When work experience meets wine


Internships and graduate programs are about more than getting someone to make your coffee. Sometimes they’re about getting someone to make your wine.

Sending 25 young graduates to promote alcohol in 14 different countries – including Thailand, Vietnam, Russia and Poland – sounds like a graduate’s dream and an HR professional’s potential nightmare.

But Pernod Ricard Winemakers’ HR director, Christian Campanella, says the Graduate Wine Ambassador Program has been great for the business, with 88 per cent of participants going on to secure permanent positions with the company.

“We get a lot of people applying and we end up with a good pick of highly creative, motivated and passionate individuals,” he says. “When somebody like that goes into a market, it becomes very infectious – they really lift the brand.”

Talent trap

In the bid to attract top talent, it helps that Pernod Ricard has a rather glamorous offering, with graduates receiving four months’ training at wineries and vineyards across Australia, New Zealand, Spain and the United States.

“We were exposed to everyone from grape growers working in the field, to people managing sales accounts in Madrid, and even the CEO,” says 2015-16 vintage ambassador Liepa Olsauskaite.

The second stage of the program includes a two-year posting. Kate Bedwell, a 2016-17 vintage ambassador, was lucky enough to score London. “The pinch-yourself moment was coordinating a wine tasting with our Jacob’s Creek chief winemaker and a significant UK wine critic,” says Bedwell.

“There I was, having trained for a short time and in the market for just 18 months, and I was already meeting the UK’s top wine critics and inviting our chief winemaker to host a meeting.”

A Sydney-based graduate program manager has overall responsibility for the ambassadors, including performing a pastoral care role, while Pernod Ricard’s market-based companies play an important role inducting ambassadors into their host country.

Campanella says there are two reasons why Pernod Ricard invests so heavily in the program. “The first is developing a pipeline for the future – we can bring in graduates, give them great experiences and then build them into bigger and brighter roles,” he says.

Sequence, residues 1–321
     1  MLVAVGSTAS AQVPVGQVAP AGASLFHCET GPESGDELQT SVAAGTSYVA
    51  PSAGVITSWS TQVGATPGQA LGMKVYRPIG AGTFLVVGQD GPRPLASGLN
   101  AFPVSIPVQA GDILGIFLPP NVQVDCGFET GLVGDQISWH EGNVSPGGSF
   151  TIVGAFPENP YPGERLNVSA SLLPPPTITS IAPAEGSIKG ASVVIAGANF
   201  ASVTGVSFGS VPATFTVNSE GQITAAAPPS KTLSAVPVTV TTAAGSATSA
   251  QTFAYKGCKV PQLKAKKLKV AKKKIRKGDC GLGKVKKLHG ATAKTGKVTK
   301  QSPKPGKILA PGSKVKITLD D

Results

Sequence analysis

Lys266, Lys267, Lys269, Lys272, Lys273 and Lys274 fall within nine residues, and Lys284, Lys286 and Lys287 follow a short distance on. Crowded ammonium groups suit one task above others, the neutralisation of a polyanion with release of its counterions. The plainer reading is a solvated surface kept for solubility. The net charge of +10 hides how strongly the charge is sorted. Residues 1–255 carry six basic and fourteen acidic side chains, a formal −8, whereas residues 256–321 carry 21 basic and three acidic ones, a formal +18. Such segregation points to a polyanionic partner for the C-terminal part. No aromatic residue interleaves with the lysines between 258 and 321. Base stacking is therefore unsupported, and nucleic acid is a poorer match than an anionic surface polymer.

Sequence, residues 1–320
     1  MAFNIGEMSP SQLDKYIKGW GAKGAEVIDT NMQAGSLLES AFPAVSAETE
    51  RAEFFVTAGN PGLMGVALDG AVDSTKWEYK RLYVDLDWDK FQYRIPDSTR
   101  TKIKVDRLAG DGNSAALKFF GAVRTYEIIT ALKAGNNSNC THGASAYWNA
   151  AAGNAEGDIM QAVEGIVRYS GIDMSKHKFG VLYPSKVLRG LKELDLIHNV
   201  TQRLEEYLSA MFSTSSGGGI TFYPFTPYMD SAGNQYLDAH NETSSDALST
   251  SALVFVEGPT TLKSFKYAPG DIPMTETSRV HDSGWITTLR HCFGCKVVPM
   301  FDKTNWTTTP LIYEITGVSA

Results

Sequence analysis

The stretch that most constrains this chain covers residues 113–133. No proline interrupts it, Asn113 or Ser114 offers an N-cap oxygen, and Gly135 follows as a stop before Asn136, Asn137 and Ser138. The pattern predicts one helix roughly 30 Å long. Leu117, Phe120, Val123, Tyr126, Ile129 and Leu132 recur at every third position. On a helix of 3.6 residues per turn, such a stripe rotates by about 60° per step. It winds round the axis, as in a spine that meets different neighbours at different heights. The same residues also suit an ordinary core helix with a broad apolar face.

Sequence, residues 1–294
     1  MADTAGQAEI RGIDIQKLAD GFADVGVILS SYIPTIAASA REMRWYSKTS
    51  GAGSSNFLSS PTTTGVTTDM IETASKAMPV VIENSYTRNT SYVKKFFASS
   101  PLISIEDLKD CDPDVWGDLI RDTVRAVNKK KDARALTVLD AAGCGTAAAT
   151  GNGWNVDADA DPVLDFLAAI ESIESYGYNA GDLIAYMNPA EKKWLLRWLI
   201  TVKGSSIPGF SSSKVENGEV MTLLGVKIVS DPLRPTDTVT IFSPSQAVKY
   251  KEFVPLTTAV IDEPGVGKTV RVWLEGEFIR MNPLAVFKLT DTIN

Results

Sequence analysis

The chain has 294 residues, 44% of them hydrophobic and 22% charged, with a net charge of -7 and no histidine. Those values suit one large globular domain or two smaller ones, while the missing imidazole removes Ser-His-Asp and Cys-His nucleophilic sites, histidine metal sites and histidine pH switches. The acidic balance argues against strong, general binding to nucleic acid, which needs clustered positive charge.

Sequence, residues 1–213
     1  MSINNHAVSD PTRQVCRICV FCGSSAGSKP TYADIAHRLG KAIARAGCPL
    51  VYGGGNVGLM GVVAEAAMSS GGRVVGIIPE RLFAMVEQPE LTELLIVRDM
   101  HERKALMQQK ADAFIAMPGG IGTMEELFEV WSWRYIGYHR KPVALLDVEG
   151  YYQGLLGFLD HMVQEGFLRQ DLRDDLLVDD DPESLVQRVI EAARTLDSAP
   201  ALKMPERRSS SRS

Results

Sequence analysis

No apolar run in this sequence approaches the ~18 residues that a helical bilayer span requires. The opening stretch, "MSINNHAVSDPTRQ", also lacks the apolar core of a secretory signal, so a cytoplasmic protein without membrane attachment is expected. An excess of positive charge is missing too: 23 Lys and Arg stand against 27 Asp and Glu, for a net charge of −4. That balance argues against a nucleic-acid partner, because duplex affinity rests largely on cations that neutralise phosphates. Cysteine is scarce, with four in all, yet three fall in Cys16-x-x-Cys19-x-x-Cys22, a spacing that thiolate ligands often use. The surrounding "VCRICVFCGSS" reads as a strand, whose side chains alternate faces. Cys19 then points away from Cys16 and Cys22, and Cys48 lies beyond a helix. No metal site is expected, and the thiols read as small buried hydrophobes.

“Secondly, our vision is to open up a world of wines – to win hearts and minds for wine. When you’ve got these guys and girls going out and working with local teams to amplify wine in those countries, it’s a great thing.”

On the ground

Pernod Ricard also obtains excellent marketing intelligence from its ambassadors, says Campanella. “The intelligence [we receive] on what’s happening on the ground, that we can build into our brand planning and activation, is priceless.”

It’s this clear link between graduate development and business strategy that makes the program so successful. “Sometimes people think, ‘We need a grad program, let’s put one in place’. But you need to have a strategic view as to what you’re trying to achieve and the reasons why.”

“If you’re going to do it, do it properly. I’ve seen things that are called grad programs, but really, they’re just recruiting a graduate profile into a permanent or fixed-term role. That’s where you can sometimes come undone because it doesn’t deliver on what the person’s looking for.”

And for businesses that don’t have the advantage of luring graduates with the prospect of marketing wine, Campanella has some advice for attracting top talent. “It’s a bit of marketing 101: you need to have a point of differentiation. Ask what is that positive difference and how do you amplify it to attract the people you’re looking for?”

“If you have a vanilla graduate program, you probably won’t stand out from the pack because there are so many of them out there.”

AHRI work experience placement program at Able Australia

Work experience can go a number of ways: you can love it and be relieved to find you’ve invested in studying the right thing, or you can be disappointed and realise it’s already time to rethink your career path.